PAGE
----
It gives me great pleasure to unveil The Grass-Flower, a beautiful collection of poems of Ramakanta Das .His sensitive perceptions of the life around him and his own inner being interacting with it stir the reader’s soul deeply touching the chords of aesthetic sensibility, which lie dormant in everybody waiting to be stoked and quickened into an extra-sensory joy. He is a wordsmith with a rare dexterity in his use of words and expresses exalted thoughts and emotions in a few simple words.His poems are very evocative and while reading these poems one would certainly be reminded of the great Romantics.There is also a Tagorean spirituality about them.He has a way with words and their subtle nuances and the sensitive perceptions of the lovely little things of nature like the grass flower,which opens significant vistas of the universe.This book of poems provides a very enjoyable and elevating experience indeed,lifting up the spirit. It is a pleasure lingering over the lovely poems and the exquisite turn of phrase. Shri Das has grown a lovely flower-garden, and I am sure the readers will savour and enjoy the sensory and extra-sensory colours and fragrance of the grass-flower and other blossoms.
If a good volume of poetry is like a magnificent palace, its preface is like its façade giving us an impression and foretaste of what the interior would be like, and the foreword is its portico where the architect is introduced to the visitors.
Shri Das’s “Preface” tells us in lovely verse that his volume has passion and compassion and musings in rhetoric and prosody. Passion and compassion are aplenty in this volume, and aesthetic eloquence in graceful rhythm characterizes the poetry in this volume. The poems, with their colourful words and pleasing rhythms, now paint rainbows on our blank skies, now draw tears from our eyes, now comfort us with their warmth, and give us life in its abundance of thought and feeling.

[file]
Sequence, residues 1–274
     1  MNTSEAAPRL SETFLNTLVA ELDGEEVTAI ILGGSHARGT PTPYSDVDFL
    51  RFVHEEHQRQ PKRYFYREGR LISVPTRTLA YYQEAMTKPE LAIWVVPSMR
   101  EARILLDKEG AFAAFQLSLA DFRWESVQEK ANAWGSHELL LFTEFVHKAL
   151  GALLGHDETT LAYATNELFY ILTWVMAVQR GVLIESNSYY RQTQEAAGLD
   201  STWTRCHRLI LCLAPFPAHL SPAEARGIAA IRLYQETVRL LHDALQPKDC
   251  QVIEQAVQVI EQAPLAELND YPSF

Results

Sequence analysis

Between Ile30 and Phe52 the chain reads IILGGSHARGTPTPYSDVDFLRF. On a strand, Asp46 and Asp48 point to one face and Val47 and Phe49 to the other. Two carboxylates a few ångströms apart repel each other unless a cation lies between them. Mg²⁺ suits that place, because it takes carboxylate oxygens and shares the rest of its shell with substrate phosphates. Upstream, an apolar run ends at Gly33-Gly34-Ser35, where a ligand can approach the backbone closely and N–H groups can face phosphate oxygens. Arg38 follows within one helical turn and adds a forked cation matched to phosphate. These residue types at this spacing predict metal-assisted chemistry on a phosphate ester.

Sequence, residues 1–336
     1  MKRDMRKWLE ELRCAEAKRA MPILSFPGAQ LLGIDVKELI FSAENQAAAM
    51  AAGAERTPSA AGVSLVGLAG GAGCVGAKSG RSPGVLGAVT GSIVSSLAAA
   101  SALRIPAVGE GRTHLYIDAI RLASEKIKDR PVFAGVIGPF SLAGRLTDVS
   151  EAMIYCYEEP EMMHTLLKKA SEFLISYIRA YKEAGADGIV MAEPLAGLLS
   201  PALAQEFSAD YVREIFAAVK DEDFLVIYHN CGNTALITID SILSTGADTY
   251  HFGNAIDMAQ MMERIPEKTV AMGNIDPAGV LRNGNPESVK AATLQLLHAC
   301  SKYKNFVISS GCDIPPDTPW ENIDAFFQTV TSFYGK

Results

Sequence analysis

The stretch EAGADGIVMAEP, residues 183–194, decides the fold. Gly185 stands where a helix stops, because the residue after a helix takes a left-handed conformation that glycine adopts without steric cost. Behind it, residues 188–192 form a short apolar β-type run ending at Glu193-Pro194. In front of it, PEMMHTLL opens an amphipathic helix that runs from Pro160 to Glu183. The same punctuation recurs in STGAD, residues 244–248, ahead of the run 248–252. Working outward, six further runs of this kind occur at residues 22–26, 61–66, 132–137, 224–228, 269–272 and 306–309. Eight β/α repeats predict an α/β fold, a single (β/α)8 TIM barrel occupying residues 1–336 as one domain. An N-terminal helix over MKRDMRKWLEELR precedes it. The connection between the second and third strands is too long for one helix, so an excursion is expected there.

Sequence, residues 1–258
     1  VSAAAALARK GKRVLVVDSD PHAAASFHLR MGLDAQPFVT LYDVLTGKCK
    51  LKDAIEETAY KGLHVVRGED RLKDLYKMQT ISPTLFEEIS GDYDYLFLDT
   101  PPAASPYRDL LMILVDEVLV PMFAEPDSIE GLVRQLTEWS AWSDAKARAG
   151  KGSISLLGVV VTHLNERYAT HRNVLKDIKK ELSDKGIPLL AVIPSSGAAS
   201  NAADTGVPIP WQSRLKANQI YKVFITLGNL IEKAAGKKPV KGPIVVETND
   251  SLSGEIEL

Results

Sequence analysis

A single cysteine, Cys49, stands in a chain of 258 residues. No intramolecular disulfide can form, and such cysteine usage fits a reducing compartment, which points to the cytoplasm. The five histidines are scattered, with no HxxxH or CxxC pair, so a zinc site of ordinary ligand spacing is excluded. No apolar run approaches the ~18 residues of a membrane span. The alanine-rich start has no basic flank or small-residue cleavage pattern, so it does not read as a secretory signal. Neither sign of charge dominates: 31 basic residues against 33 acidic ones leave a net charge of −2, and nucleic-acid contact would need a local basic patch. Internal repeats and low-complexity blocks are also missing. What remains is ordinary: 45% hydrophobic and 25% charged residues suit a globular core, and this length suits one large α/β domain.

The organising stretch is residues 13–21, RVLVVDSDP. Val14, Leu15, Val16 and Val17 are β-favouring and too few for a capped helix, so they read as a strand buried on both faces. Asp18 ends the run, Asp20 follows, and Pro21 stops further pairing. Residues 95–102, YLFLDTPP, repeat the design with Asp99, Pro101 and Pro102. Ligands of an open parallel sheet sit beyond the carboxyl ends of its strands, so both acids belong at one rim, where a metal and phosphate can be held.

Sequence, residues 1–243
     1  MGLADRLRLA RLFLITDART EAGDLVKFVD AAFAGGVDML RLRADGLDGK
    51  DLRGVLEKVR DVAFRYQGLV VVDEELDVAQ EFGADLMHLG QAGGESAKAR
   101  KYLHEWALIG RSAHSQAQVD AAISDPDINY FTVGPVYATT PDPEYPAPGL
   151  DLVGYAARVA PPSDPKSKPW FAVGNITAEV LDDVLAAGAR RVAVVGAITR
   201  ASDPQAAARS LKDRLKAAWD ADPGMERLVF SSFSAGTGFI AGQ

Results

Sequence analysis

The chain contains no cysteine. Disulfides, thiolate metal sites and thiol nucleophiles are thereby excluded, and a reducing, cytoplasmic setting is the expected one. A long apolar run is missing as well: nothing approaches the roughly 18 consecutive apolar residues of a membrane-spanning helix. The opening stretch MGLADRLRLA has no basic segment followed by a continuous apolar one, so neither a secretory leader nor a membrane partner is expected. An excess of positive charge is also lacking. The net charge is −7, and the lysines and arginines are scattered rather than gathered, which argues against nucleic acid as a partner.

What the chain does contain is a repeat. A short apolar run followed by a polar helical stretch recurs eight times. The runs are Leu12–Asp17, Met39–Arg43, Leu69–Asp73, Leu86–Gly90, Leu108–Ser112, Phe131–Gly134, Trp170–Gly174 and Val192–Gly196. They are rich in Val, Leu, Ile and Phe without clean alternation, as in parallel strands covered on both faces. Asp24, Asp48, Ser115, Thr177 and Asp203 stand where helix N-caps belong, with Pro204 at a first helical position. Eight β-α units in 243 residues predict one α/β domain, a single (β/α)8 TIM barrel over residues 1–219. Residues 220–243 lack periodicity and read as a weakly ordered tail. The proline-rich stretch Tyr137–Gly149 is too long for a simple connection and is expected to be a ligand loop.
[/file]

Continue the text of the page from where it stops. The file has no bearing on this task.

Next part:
Images like the grass-flower and the cactus, the dew-drops, the level-crossing, the anguished crane, the wounded bird, Draupadi giving birth to death on a massive scale, and the mountain rising into the air and perching on the little finger of the child-god, haunt our minds long after we close the book.
The poem “Grass-Flower” demonstrates the truth that beauty is associated with wonder like Botticelli’s Venus, with a look of wonder on her face, rising from the sea, like the city of Venice rising from the Adriatic sea or Lord Krishna’s Dwaraka, the cosmic city combining in itself his ‘spiritual magnificence and his mundane fragrance’. It is the microcosm becoming the macrocosm as the grass-flower pervades
The vastness of my world
My sky, my dream
In a helpless moment.
This helpless moment is the moment of truth and revelation when the mysterious connections and relationships stand revealed to the perceptive and receptive mind.
The grass-flower symbolizes the presence of true beauty and glory in simple common things as opposed to the veneer of glamour. We seek peace and joy in far off, highly publicized places little realizing that they are within us (like the grass-flower in one’s backyard).